Posted by Bill Levine at 1:52 PM
Because my brother and sister-in-law live in Sendai, Japan (and they're okay!), I've been a bit more focused on this recent disaster than I would be otherwise. Aside from the enormous first quake, there have been an amazing number of aftershocks, many of them quite large. To help myself visualize this, I created a graph (above; click for a larger version) that illustrates the magnitude of these earthquakes as a function of time, starting from the really big quake Friday afternoon until early-morning Sunday (Japan Standard Time). The y-axis is the moment-magnitude scale (MW), which is apparently the measure of choice among seismologists for measuring the intensity of earthquakes. The x-axis is time, with hourly increments. Each earthquake is a dot at a particular time and magnitude. The red line is at MW = 6.5, which the USGS uses as its cutoff for "significant" earthquakes. There are 178 earthquakes (!) represented in the graph over about 38 hours. I also added a trend-line (a 6th order polynomial; a sextic function) to help visualize the change in intensity over time.
The data are from the USGS website.
Posted by Bill Levine at 5:50 PM
Imagine that, some time in the future, you have the worst insomnia anyone in history has ever experienced. So you sit on your favorite chair and turn on the TV to pass the time, in hopes of finding Ferris Bueller's Day Off playing on TBS; sadly, it isn't. While you flip through channels, you notice a commercial for insomnia treatment drugs. In the commercial, which features images of beautiful people sleeping restfully in beds with the finest fabrics, a voiceover says that Brand A and Brand B were compared to see which is more effective. The voiceover continues and says that these comparisons indicated that one of the brands is more effective, so effective in fact that the FDA says that anyone who ever has trouble falling asleep should take this drug now!
But it doesn't tell you which one works better.
After you throw a slipper at the TV, the voiceover then continues and says that the test of Brand A and Brand B was carried out on both men and women, and that the brands worked differently for men and women.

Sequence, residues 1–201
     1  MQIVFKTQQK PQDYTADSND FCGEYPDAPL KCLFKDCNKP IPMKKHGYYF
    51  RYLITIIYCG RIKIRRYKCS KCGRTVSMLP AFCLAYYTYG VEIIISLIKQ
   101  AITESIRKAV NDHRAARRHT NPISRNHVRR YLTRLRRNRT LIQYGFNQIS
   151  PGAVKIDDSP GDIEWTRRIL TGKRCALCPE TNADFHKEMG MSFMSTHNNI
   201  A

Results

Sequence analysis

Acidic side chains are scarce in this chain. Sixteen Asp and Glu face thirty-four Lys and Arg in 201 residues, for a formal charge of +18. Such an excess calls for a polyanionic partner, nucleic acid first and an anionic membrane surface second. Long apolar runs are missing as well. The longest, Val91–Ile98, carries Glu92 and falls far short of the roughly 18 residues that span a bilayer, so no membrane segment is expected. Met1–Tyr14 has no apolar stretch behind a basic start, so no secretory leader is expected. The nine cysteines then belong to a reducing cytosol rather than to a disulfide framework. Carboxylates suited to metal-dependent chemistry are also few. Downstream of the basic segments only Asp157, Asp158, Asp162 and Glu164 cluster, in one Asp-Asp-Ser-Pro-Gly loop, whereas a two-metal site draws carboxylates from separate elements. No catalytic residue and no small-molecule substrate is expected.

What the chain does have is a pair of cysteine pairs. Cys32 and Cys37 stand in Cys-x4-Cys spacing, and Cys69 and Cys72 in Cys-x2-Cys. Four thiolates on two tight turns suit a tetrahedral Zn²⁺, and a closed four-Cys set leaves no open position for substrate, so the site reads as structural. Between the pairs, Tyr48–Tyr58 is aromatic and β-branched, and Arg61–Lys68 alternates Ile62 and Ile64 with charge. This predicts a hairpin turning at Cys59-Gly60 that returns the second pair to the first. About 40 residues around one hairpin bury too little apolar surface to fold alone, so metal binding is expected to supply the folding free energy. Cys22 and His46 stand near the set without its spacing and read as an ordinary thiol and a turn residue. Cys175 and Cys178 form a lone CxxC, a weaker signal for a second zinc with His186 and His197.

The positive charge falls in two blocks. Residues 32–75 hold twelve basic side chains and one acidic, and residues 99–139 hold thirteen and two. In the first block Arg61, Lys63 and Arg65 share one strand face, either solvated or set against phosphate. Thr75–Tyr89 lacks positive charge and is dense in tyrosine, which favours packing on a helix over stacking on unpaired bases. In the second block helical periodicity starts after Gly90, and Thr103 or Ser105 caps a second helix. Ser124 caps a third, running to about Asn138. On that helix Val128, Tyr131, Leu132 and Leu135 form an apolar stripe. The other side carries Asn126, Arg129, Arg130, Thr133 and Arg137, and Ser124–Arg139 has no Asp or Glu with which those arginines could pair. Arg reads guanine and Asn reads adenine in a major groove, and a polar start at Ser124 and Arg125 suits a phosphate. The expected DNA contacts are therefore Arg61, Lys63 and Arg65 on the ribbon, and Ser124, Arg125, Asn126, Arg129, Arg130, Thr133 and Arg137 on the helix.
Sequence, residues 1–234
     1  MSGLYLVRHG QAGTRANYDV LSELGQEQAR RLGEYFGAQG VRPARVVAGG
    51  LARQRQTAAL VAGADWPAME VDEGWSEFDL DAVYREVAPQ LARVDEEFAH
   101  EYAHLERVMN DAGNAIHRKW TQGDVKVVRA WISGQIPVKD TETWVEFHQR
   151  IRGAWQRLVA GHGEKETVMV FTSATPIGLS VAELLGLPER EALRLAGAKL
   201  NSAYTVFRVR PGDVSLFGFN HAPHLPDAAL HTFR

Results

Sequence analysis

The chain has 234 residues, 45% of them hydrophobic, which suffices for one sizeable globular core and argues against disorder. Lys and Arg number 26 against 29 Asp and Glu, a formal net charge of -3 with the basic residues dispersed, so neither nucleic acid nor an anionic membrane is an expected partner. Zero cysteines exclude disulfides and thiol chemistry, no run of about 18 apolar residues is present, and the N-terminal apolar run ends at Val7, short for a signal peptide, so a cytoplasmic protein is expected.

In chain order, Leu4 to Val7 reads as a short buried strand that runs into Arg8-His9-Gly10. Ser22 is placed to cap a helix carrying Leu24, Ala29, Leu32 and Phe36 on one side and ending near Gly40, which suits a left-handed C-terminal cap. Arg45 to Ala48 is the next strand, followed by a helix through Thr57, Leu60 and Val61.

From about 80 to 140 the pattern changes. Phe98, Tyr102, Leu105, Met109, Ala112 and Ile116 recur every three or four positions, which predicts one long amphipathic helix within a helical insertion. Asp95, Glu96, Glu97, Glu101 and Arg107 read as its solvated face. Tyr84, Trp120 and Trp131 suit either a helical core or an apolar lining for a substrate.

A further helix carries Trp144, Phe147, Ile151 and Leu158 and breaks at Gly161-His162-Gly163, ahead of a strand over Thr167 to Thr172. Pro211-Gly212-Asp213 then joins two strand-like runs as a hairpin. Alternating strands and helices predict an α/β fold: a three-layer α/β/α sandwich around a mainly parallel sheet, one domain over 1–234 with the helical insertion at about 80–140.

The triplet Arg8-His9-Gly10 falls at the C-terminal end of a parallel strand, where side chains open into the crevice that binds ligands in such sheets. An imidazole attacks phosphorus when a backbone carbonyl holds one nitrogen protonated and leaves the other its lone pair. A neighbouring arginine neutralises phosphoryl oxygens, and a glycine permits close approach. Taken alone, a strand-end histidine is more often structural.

But it doesn't tell for which group the brands work better or worse. Just that the effectiveness of the brands differs for the groups.
After you throw your other slipper at your pet, you realize that you should write a note to that stats teacher you had years ago and apologize for saying that main effects and interactions are significant without saying anything more. And then you cry a little, wishing that the commercial were more informative. And eventually, finally, slumber ensues, but your dreams are filled with a voice saying the words significant effect ... and nothing else.
Please help your statistics teacher keep his or her slippers on, and from abusing any pets.
Posted by Bill Levine at 11:30 AM
This picture (click it for a full-size, easier-to-read version)
represents an attempt by Kitty Burns Florey (in an article on Slate) to diagram one of Sarah Palin's sentences from Palin's interview with Charles Gibson a few weeks back. The original: "I know that John McCain will do that and I, as his vice president, families we are blessed with that vote of the American people and are elected to serve and are sworn in on January 20, that will be our top priority is to defend the American people." I hope this kind of thing catches on; diagramming sentences for Mrs. DiPego back in 7th grade was no fun at all, but nowadays it feels to me like as much fun as Sudoku (you should read no irony in that statement; I mean it earnestly).